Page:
Take the 2-minute tour ×
Stack Overflow is a question and answer site for professional and enthusiast programmers. It's 100% free, no registration required.

I am trying to use ostream_iterator for writing a vector of pairs to a file.ostream_iterator requires a template argument to be applied at the time of declaration. The vector is defined as-

vector<pair<string,long>> test;

When I pass pair as a template to the ostream_iterator it shows an error -

Error 1 error C2679: binary '<<' : no operator found which takes a right-hand operand of type 'const std::pair<_Ty1,_Ty2>' (or there is no acceptable conversion) C:\Program Files (x86)\Microsoft Visual Studio 10.0\VC\include\iterator 531 1 wordsegmentation

What could be the correct argument in this situation?

Edit- Code Snippet

vector<pair<string,long>> t;
......
//t is filled up with elements 
ostream_iterator<pair<string,long>> output_iterator(out, "\n");
std::copy(t.begin(), t.end(), output_iterator);
share|improve this question
    
Show the actual code you're calling ostream_iterator with. –  Yuushi Jun 6 '13 at 7:45
    
possible duplicate of std::copy to std::cout for std::pair –  Johan Lundberg Jun 6 '13 at 7:49
    
possible duplicate of Pretty-print C++ STL containers –  juanchopanza Jun 6 '13 at 7:52
    
definitely duplicate of Why does ostream_iterator not work as expected? –  djf Jun 6 '13 at 8:31

2 Answers 2

up vote 2 down vote accepted

There is NO operator << for std::pair. You cannot simply use ostream_iterator with std::pair.

You can use other things, or write class, that derived from pair, or that store pair and use it. You cannot write overloads in std namespace, since it leads to undefined behaviour and you cannot overload this operator in global namespace, since ADL will not find correct overload (if you use stl algorithms, like copy, ostream_iterator).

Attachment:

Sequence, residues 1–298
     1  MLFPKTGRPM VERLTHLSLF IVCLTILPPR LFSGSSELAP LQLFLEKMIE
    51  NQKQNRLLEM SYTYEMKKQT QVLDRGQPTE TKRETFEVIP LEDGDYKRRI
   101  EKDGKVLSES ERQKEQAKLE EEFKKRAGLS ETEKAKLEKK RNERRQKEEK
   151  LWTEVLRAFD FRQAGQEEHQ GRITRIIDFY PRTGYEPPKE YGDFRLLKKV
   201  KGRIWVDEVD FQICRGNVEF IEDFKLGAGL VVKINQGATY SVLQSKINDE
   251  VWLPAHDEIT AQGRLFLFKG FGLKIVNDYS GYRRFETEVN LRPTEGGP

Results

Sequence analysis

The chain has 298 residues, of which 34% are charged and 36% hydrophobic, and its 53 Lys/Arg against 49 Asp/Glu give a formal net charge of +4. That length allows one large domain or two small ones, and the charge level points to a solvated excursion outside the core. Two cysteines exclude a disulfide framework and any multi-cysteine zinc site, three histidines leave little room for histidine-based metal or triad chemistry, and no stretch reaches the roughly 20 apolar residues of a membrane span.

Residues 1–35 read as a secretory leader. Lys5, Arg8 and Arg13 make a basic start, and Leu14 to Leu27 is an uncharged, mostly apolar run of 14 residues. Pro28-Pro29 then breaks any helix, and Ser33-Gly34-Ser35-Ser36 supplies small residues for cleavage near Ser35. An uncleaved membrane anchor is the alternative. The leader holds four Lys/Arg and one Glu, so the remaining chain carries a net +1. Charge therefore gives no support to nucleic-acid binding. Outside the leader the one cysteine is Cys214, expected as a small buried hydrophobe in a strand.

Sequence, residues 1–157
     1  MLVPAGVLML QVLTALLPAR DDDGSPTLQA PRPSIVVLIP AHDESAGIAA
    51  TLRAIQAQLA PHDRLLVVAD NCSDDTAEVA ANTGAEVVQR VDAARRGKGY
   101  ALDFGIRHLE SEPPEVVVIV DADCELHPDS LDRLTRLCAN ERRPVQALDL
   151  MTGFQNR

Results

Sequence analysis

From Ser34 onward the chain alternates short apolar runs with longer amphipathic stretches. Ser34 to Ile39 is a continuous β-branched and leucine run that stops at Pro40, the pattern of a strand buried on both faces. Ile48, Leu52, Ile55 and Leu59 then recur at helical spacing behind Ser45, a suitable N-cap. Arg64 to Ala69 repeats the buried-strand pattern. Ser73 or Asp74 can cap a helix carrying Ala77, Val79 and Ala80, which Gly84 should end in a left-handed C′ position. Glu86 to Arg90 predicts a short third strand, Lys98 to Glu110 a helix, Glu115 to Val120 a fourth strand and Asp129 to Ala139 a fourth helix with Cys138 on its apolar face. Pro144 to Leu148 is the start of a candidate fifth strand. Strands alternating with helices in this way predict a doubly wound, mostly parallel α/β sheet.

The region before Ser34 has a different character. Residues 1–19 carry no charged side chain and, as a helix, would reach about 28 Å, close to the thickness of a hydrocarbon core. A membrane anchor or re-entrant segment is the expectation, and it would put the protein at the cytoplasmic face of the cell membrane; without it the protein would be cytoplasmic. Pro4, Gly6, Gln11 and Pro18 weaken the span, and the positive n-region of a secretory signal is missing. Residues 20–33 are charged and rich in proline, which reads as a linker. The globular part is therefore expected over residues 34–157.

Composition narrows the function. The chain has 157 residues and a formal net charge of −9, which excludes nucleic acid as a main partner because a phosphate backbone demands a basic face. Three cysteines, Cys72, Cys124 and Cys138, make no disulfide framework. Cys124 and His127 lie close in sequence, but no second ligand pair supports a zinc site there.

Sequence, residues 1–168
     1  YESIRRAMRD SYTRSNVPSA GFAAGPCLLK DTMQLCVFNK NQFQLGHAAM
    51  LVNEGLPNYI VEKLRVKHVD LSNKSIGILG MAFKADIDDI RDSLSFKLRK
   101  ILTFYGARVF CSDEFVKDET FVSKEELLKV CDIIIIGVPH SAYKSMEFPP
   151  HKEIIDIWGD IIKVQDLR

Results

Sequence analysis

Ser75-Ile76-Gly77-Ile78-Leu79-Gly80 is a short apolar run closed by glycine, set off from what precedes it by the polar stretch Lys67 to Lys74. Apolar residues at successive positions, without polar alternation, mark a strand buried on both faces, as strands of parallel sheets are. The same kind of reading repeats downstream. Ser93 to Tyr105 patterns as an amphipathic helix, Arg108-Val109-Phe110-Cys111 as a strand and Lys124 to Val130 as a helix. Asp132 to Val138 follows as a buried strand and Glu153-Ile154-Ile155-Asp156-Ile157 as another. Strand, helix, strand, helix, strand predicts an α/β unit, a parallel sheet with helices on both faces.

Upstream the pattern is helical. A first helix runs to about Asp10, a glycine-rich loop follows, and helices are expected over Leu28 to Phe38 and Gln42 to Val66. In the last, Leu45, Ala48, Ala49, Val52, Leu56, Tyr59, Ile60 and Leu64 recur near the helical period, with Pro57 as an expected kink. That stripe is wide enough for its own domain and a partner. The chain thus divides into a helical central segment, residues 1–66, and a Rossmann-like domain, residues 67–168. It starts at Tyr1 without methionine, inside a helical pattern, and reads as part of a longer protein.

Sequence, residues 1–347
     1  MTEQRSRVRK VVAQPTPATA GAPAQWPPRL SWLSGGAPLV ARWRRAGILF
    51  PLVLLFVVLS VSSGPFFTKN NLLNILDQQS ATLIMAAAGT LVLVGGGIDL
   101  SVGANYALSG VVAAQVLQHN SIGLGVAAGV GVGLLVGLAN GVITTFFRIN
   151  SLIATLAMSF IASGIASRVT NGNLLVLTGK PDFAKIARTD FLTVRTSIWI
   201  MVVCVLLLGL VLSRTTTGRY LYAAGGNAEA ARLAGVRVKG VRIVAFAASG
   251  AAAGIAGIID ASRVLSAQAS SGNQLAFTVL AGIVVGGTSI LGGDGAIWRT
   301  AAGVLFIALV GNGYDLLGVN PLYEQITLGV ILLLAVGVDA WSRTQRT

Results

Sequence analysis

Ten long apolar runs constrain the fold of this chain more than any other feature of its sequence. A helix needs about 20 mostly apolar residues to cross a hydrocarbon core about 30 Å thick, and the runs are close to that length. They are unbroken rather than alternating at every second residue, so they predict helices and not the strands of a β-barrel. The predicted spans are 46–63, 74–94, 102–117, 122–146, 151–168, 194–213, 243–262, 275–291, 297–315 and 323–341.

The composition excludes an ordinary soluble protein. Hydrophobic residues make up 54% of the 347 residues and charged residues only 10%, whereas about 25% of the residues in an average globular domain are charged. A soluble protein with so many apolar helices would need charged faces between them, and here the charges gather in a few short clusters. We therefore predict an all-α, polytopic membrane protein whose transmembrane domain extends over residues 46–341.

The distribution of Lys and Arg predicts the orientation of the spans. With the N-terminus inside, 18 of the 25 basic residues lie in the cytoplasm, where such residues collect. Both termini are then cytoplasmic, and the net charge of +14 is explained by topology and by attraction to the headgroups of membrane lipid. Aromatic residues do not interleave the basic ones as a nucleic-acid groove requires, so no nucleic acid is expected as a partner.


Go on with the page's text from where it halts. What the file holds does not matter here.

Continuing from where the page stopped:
Simply, something like this will work well

#include <iostream>
#include <utility>
#include <algorithm>
#include <iterator>

int main()
{
   std::vector<std::pair<int, int>> vec =
   {
      {1,1},
      {2,2}
   };
   for (const auto& p : vec)
   {
      std::cout << p.first << " " << p.second << std::endl;
   }
}
share|improve this answer
    
I get the same error if my each element is a vector<int>.Can you suggest an alternative to write such a variable to a file.I originally wanted to write hashmap to a file but this seemed easier .Thanks –  code4fun Jun 6 '13 at 7:47
    
@code4fun vector has no operator << to. –  ForEveR Jun 6 '13 at 7:50
    
thanks.So,the pair I am actually using is pair<string,vector<int>> .How do you think should I store it so that I can correctly identify the vector when I am reading the file back. –  code4fun Jun 6 '13 at 8:05
    
@code4fun it should be your decision. May be some tag, or delimiter, don't know. –  ForEveR Jun 6 '13 at 8:10
    
can you explain why have used "const" for the auto reference variable in your code?I think that we can't declare it const.Thanks –  code4fun Jun 9 '13 at 2:48

You can simply overload std::ostream& operator<<:

std::ostream& operator<<(std::ostream& o, const pair<string,long>& p)
{
  return o << p.first << " " << p.second;
}

Or have a look at pretty print C++ containers.

share|improve this answer

Your Answer

 
discard

By posting your answer, you agree to the privacy policy and terms of service.

Not the answer you're looking for? Browse other questions tagged or ask your own question.